[0047] If there is a reliable characteristic, the user access controller 302 may exercise any one of several options. In one embodiment, the user access controller 302 accesses DNS tables 304 that provide an IP address that displays information to the user based on the characteristic and the network address requested. Such displays may include a request for payment or a notice to install or upgrade software components. In another embodiment, the user is directed to an IP address, via DNS tables, to download alternate network access phone numbers 306. In yet another embodiment, the user is directed to the user access controller 302, and the user is then directed to a second network address 308 via another DNS table.

[0048] Referring now to FIG. 4A in brief overview, a block diagram depicting an apparatus for controlling user access in a dial-up network is shown 400. The server's user access controller 414 receives authentication credentials 410, including a hash or encryption required to enable the characteristic, from the user via the client. The user access controller 414 is comprised of a first receiver 416, an interpreter 418, a second receiver 420, and a transfer module 422. The first receiver 416 receives the authentication credentials 410. The first receiver 416 sends the credentials 410 to the interpreter 418 for processing of the credentials 410 and the characteristic. The second receiver 420 then receives the interpreted authentication credentials 410 from the interpreter 418 and also receives a user request for access to a first network address. The second receiver 420 accesses at least one DNS table to process the first network address request 412. The instructions received and processed in the second receiver 420 are forwarded to the transfer module 422 to determine where the user is sent.

[0049] Referring again to FIG. 4A, but now in greater detail, the user access controller 414 processes the authentication credentials 410 and sends the user to the proper network address. The first receiver 416 serves as an access portal to the server. After the user's authentication credentials 410 are embedded with the characteristic and the RADIUS or RADIUS-type encryption and then transmitted to the server, the first receiver 416 accepts the package and prepares the package for the interpreter 418. The first receiver 416 may be provided as a software module in the form of a subsystem that “listens” on a defined port for transmitted authentication credentials 410. Alternatively, the first receiver 316 may be provided as hardware. In these embodiments, the first receiver may be a special purpose piece of hardware, such as an application-specific integrated circuit (ASIC), a field-programmable gate array (FPGA) or a program logic device (PLD). In others of these embodiments, the first receiver 316 is a receiver chip that handles receipt and transmission of data over the network. In these embodiments, the receiver chip may be associated with an ASIC, an FPGA or a PLD.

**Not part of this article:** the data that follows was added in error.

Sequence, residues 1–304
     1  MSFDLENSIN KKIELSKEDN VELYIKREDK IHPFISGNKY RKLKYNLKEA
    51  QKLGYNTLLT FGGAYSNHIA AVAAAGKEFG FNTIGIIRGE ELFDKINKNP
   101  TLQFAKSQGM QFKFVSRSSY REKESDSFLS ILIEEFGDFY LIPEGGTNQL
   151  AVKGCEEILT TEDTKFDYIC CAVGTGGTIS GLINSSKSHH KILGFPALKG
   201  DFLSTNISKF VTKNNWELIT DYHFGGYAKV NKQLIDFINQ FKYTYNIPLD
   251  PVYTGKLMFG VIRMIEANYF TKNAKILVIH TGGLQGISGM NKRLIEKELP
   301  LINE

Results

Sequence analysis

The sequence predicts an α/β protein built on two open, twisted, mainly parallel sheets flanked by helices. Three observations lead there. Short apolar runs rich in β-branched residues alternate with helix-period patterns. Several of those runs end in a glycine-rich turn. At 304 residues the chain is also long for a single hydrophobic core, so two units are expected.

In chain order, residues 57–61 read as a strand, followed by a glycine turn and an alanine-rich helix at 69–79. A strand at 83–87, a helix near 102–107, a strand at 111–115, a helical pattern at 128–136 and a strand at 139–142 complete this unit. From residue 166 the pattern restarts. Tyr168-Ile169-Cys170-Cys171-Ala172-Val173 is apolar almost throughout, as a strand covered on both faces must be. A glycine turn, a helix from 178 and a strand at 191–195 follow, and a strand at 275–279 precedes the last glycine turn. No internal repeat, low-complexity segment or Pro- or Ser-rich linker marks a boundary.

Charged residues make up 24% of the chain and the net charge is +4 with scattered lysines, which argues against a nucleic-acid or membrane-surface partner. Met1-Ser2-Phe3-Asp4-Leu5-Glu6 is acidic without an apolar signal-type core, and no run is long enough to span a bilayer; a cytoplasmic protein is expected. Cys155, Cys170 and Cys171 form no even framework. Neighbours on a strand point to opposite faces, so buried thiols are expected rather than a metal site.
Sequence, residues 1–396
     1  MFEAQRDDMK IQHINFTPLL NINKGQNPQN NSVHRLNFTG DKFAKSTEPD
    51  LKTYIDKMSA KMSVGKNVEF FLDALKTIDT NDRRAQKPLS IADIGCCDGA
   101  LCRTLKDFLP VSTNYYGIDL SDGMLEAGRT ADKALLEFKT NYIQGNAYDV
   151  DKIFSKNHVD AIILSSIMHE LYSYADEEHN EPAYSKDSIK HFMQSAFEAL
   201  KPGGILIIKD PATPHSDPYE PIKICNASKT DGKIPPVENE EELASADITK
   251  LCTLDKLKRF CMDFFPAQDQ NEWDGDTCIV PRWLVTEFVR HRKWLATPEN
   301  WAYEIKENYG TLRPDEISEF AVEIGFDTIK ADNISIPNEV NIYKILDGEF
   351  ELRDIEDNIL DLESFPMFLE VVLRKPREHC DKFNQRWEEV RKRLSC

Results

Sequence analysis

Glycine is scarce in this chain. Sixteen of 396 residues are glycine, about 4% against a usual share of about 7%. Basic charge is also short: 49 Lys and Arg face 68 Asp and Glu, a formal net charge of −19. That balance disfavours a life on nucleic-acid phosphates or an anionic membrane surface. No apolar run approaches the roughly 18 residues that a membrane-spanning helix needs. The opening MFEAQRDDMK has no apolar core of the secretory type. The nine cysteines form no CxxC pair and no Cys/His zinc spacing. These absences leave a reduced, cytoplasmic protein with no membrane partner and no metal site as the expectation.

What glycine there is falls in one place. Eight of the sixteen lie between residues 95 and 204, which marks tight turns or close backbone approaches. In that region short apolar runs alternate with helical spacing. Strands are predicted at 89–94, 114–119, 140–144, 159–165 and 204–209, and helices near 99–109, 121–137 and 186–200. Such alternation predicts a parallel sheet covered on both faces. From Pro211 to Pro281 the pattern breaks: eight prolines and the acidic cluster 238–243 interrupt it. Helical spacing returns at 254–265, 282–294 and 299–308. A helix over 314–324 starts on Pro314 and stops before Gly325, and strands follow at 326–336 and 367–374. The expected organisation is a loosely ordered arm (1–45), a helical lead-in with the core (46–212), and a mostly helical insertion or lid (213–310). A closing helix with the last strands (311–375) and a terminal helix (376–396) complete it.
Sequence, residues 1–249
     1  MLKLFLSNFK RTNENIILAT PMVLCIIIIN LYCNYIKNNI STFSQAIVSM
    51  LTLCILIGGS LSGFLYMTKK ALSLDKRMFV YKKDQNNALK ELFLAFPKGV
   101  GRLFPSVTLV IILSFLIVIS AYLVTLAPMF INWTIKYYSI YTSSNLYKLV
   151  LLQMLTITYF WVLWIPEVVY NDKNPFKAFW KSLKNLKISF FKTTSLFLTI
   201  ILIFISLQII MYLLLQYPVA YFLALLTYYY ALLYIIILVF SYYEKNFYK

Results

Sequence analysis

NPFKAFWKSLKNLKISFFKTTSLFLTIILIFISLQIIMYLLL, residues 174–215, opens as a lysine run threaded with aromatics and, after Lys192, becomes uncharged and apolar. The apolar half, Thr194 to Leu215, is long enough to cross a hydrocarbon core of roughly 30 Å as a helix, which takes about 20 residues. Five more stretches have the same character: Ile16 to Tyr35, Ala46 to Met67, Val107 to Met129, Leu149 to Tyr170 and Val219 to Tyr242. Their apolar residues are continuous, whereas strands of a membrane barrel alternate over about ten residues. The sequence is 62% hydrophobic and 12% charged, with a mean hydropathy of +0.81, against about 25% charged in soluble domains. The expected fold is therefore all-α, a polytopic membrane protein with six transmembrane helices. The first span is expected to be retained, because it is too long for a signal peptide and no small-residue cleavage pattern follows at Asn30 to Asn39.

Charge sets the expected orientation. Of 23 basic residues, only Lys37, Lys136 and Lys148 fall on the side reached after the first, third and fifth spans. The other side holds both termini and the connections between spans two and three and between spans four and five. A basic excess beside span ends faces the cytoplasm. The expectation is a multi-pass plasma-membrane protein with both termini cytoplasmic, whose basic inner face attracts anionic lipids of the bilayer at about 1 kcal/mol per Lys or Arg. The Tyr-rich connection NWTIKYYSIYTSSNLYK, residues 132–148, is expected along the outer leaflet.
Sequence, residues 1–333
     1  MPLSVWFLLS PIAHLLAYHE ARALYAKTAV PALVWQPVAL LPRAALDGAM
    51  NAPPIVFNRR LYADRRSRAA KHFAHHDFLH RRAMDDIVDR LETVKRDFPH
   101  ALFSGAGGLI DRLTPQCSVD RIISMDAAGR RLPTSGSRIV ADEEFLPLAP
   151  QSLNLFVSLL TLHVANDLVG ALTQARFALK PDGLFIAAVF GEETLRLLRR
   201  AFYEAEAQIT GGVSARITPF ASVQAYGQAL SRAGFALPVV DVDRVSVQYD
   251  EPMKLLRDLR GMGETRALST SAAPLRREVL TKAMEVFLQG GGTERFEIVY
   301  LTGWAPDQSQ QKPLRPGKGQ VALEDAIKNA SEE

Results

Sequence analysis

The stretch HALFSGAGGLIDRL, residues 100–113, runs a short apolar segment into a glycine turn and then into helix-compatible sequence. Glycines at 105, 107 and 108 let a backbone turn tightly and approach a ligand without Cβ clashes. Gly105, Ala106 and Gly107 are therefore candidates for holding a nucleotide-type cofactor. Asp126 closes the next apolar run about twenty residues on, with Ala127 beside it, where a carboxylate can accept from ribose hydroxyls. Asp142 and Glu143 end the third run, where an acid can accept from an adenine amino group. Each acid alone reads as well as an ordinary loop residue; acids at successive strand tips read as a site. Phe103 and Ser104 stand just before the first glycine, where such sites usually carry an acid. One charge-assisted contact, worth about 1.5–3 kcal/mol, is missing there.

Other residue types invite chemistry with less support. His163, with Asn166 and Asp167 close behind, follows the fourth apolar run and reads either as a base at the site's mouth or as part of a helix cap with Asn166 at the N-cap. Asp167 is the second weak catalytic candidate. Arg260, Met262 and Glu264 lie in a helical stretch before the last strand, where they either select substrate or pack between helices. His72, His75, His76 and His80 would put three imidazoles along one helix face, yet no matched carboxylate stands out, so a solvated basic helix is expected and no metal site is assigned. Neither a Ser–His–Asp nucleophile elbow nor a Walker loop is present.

[0050] The interpreter 418 unpacks the package and decrypts the RADIUS portion of the package. The interpreter 418 then interprets the authentication credentials 410 to determine the presence of the characteristic. In one embodiment, the interpreter 418 includes a decryption engine. A decryption engine decrypts encrypted data. In one aspect, the decryption engine decrypts the RADFUS encryption, and in another aspect, the decryption engine decrypts the characteristic encryption. In yet another aspect, an encryption engine decrypts both the RADIUS encryption and the characteristic encryption.

[0051] In another embodiment, the interpreter 418 includes a hash engine and a comparator. The hash engine performs a hash function on the authentication credentials after the first receiver 416 receives the credentials. The comparator compares the result of the hash function performed on the authentication credentials 410 as received by the first receiver 416 with the hash function result performed on the authentication credentials 410 by the client. If those results match, then the credentials bear the characteristic. If there is not a match, then there is no presence of a characteristic. In yet another embodiment of the present invention, the interpreter includes both a decryption engine and a hash engine with a comparator. Similar to the first receiver 416 described above, the decryption engine, encryption engine, and hash engine with comparator may be provided as either software, such as a software module, or as hardware, such as an ASIC, an FPGA, or a PLD.

[0052] Once the presence of the characteristic is determined, the second receiver 420 receives the authentication credentials 410. The second receiver 420 may be provided as either hardware or software in a similar fashion to that described above for the first receiver 416. The second receiver 420 not only receives the authentication credentials 410, but also receives the first network address request 412 from the user. The presence of a characteristic in the authentication credentials 410 determines in large part the scope of the user's request for access to a first network 412. If there is no characteristic present, the user's request 412 is promptly transmitted to the transfer module 422. If there is a characteristic, then the second receiver 420 may exercise any one of several options. In one embodiment, the second receiver 420 may access DNS tables that direct the user to a display based on the characteristic and the requested network address. Such displays may include a request for payment or a notice to install or upgrade software components. In another embodiment, the user is directed to DNS tables that provide network addresses for downloading alternate network access phone numbers. In yet another embodiment, the user is directed to the transfer module 422.